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ATL@SD: Uggla crushes a three-run homer in the ninth

SAN DIEGO -- While it proved successful, like most of his other starts this season, Jair Jurrjens would like to avoid experiencing this kind of game too many more times. Dan Uggla, however, can only hope the next three months will be filled with nights just like this one.

As Jurrjens was securing his National League-best 10th win while reaffirming his ability to escape potentially-damaging situations at PETCO Park Saturday night, Uggla was providing the Braves encouragement with a season-high four-RBI performance that helped them claim a 10-1 win over the Padres.

"Hitting is contagious," Uggla said. "When we see somebody hit a line drive, we're like, 'Oh man, I want to get up there and do the same thing.' That's just one of the things about baseball. You just have to be cocky and confident and put your best swing on good pitches."

The Braves can only hope this game proves to be contagious for Uggla, who capped his most productive game of the season with a three-run, ninth-inning homer. The veteran second baseman added an RBI single in a three-run eight and also drew walks in two of his first three plate appearances.

This was just the fourth multi-walk game of the season for Uggla, who entered the day ranking last in the NL in batting average (.175) and on-base percentage (.247). His ability to show enough patience to draw a couple free passes is a product of the confidence he has gained while working hard to regain proper timing with his swing.

"When you see him take pitches and his head is right there and his stride is down and he's not jumping, you feel good and know it's coming," Braves manager Fredi Gonzalez said. "I think he's been doing this for about seven or eight days. Little by little."

While this season's first half has been frustrating for Uggla, it has been refreshing for Jurrjens, who notched his 10th win just a few hours after the Yankees' CC Sabathia and Tigers' Justin Verlander became the first Major Leaguers to hit the mark.

After missing his first two starts of the season with a strained oblique muscle, Jurrjens has reached the 10-win through just 14 starts. The last Braves pitcher to notch 10 wins in 14 or fewer starts was Tom Glavine, who did so in his 14th start of the 2002 season.

Jurrjens has allowed two earned runs or fewer in 12 of his first 14 starts this year. This latest outing lowered his NL-low ERA to 2.07.

"Sometimes it's better to be lucky than good," Jurrjens said. "The guys have been giving me a lot of run support and I've been able to maintain [leads] until we can get to the bullpen. After that, they score more runs. It makes it easy when you have offense on your side."

On the way to allowing just one run and three hits over six innings, Jurrjens kept the Padres hitless in seven at-bats with runners in scoring position. He was not harmed in any of the three innings in which he put two runners on base before recording his first out.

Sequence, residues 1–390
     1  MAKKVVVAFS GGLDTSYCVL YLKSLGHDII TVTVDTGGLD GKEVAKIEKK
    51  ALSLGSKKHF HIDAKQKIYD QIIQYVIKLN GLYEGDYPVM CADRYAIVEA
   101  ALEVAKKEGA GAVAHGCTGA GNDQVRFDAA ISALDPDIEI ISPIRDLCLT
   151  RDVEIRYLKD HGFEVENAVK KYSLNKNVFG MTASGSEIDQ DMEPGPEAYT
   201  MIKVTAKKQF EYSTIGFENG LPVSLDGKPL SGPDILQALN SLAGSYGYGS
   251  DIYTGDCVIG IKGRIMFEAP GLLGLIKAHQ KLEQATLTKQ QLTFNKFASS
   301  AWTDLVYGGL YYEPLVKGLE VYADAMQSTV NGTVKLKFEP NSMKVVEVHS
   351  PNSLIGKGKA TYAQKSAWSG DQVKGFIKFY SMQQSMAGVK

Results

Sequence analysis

The only run Jurrjens surrendered came via a surprising third-inning leadoff homer by Alberto Gonzalez. The Padres shortstop's first-pitch blast to left field gave him his first home run in a span of 584 at-bats, dating back to April 16, 2009.

"He's a competitor," said Cameron Maybin, a former Minor League teammate of Jurrjens in the Tigers organization. "Ever since I've known him, he goes out and competes his butt off. He was good tonight, man. Made some big pitches."

Maybin's double-play groundout silenced the second-inning threat the Padres produced with a Ryan Ludwick leadoff single and Anthony Rizzo walk. Jurrjens issued two more of his four walks to open the bottom of the fifth. That threat ended with Will Venable popping out with runners at second and third base.

Jurrjens then proved magical again in the bottom of the sixth, which began with a Jason Bartlett single and Orlando Hudson walk. The 25-year-old retired the next three batters he faced to lower his batting average allowed with runners in scoring position to .164 (12-for-73).

"JJ is a gamer," Uggla said. "He is going to go out and battle. He did it again tonight. As a player, you're never really worried with him on the mound. Once it gets to be crunch time and there's runners in scoring position, he just gets that much tougher."

One night after recording just four hits and bidding adieu to a four-game winning streak, the Braves received many encouraging signs at the plate from the right guys. Jason Heyward doubled and scored in two of his first three plate appearances against Padres starter Dustin Moseley. This marked just the second time this year the 21-year-old right fielder recorded two extra-base hits in a game.

Nate McLouth, who has also struggled to find consistent success, enjoyed a two-hit game that began with a second-inning RBI double. The veteran outfielder added an eighth-inning RBI single.

"We're capable of doing that," Fredi Gonzalez said. "When you look at our offense, I know we haven't done it consistently. But we're capable of putting those kinds of numbers up."

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